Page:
For most of the Barcelona team, Tuesday’s Champions League opener against Celtic only represents a chance to wipe Saturday’s shock defeat to Alaves from memory. For Luis Suarez, however, it means coming up against the manager who had the biggest impact on his career.
Brendan Rodgers has only been in charge at Celtic for two months, but he has already galvanized a club that had begun to sleepwalk into irrelevance. Following consecutive failures in the Champions League playoffs under predecessor Ronny Deila, Celtic are back in Europe’s elite competition and flew into Barcelona on Monday in a glowing mood after thumping Rangers 5-1 in the first league Old Firm derby in four years.
Already, people are comparing Rodgers’ impact to the effect Martin O’Neill had when he dramatically turned Celtic’s fortunes around upon taking charge in 2000. Suarez, for his part, will not be surprised in the slightest to hear this.
Despite being arguably the best centre-forward in the world, Suarez has not exactly played under the ‘creme de la creme’ of coaches. He had a total of six managers in his three and a half years with Ajax and only really excelled under Martin Jol, who resigned barely a month before Suarez signed for Liverpool to play under Kenny Dalglish.
Dalglish had been out of management for 11 years before he retook control of Liverpool, and while Suarez remains eternally grateful to the manager for standing by him during the racism row with Patrice Evra, he admits that Rodgers is the manager who truly got the best out of him.
Rodgers is often mocked for his grandiose statements in interviews and for his inflated ego, but he worked superbly with Suarez, who was often unsettled in England. From the first moment the two met, Suarez knew he was going to have a profitable relationship with his new coach.
As the Uruguayan revealed in his autobiography “Crossing The Line,” Rodgers had spoken to him in Spanish while he was still manager of Swansea. On his first day at Liverpool, Rodgers made a point of having a private conversation with Suarez to try and prevent him from moving to Juventus. Again he spoke to Suarez in Spanish, assuring him that his new Liverpool side would play to the striker’s strengths.
Suarez recalled: “There was a moment during the first real, in-depth conversation that I had with Brendan Rodgers when I looked at him and it hit me: ‘He’s right.’ We had been talking for a little while, he was explaining the way that he wanted the team to play and everything was falling into place. Everything he said made perfect sense. I was completely convinced.”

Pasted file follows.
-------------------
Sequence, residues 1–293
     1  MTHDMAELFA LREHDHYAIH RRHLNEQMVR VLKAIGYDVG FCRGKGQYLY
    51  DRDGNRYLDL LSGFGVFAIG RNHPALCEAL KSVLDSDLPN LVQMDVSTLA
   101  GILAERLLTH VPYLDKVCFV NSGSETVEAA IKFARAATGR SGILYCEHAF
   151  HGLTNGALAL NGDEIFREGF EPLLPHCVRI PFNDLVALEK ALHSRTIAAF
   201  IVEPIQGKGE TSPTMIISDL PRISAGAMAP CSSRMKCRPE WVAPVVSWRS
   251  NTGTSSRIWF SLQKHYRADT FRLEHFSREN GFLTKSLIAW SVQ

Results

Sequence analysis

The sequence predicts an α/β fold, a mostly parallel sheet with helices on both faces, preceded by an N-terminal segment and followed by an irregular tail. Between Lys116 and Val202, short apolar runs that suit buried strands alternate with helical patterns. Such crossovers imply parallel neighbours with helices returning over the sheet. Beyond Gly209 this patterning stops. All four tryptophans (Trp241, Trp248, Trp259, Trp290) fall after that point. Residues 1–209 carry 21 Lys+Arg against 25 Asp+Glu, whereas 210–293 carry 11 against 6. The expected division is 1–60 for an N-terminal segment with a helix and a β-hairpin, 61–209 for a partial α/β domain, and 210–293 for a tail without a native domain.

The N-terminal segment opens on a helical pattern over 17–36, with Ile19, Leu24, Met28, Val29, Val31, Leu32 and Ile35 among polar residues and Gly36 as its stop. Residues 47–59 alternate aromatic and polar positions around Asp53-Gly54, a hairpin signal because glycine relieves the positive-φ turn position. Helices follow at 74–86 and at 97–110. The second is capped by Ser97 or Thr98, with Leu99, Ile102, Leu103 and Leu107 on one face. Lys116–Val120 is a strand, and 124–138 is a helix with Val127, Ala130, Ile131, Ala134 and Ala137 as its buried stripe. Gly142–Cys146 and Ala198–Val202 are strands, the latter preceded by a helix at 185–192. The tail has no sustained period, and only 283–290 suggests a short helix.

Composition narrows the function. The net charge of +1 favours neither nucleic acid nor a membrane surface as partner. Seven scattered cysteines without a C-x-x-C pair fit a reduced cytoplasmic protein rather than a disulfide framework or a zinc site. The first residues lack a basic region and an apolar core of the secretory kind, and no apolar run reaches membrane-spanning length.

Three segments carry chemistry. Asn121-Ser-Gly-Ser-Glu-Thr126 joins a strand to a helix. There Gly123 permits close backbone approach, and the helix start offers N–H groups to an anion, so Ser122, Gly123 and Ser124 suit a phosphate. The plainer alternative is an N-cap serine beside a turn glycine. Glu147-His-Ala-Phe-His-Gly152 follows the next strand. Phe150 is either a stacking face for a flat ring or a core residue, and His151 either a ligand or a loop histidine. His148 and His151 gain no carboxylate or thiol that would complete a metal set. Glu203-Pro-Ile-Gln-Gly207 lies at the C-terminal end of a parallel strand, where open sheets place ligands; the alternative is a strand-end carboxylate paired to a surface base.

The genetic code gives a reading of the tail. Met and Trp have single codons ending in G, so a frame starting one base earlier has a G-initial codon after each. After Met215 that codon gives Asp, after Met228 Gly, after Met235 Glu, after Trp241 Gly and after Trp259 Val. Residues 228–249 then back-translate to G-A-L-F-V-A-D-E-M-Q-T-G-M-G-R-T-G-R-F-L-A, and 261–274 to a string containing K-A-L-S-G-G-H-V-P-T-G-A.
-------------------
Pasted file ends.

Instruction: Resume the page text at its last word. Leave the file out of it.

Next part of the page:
Suarez had scored 15 Premier League goals in his previous 18 months at Liverpool before Rodgers arrived. In their first season together he plundered 23, but he was even better the following season, netting 31 times to take Liverpool to the brink of the title before their bid dramatically derailed.
Rodgers could not iron out Suarez’s occasional moments of madness, as the Uruguayan bit Branislav Ivanovic in 2013 and Giorgio Chiellini at the 2014 World Cup while still a Liverpool player. But by then, Suarez had become so good that his disciplinary lapses were merely a footnote to his extraordinary abilities. They did not dissuade Barcelona from signing him that same month.
Suarez has of course excelled even more since moving to Spain, an environment that suits him better both on and off the pitch. But he has not forgotten Rodgers’ influence.
“If it wasn’t for Brendan, then I know I would not be the same player that you see at Barcelona today,” Suarez said this year.
“Such a big part of my education is down to him and his management.
“I wasn’t proven and I had to adapt to the Premier League, which Brendan knew. He knows all about English football and he educated me to become successful.”
Rodgers, however, will be bracing himself and his side for a likely Barca backlash.
Luis Enrique got his hands burned against Alaves by getting carried away with his rotations and surely will not make the same mistake on Tuesday.
He will likely revert to his first choice XI, depending on whether Marc-Andre ter Stegen recovers from his hamstring problem and takes the No. 1 spot back from Jasper Cillessen, who had a Barcelona debut to forget on Saturday.
It will be intriguing to see whether the coach keeps faith with Javier Mascherano following a performance AS aptly described as “horrible,” or if Samuel Umtiti, who played well against Real Betis but looked out of his depth at Athletic Bilbao, has already earned his place in the ‘Gala XI.’
Only Ivan Rakitic, Neymar and Sergio Busquets are likely to keep their place in the team, meaning we should see the “MSN” start their first game together up front. While Messi and Neymar may be the more glamorous parts of the awesome attacking trio, it is Suarez who the Celtic coaching staff will be most concerned with. And while he may end up regretting it come the final whistle, Rodgers can shoulder a large part of the responsibility for Suarez’s evolution to the prolific striking machine he is today.
Richard Martin covers FC Barcelona for ESPN FC. Twitter: @rich9908.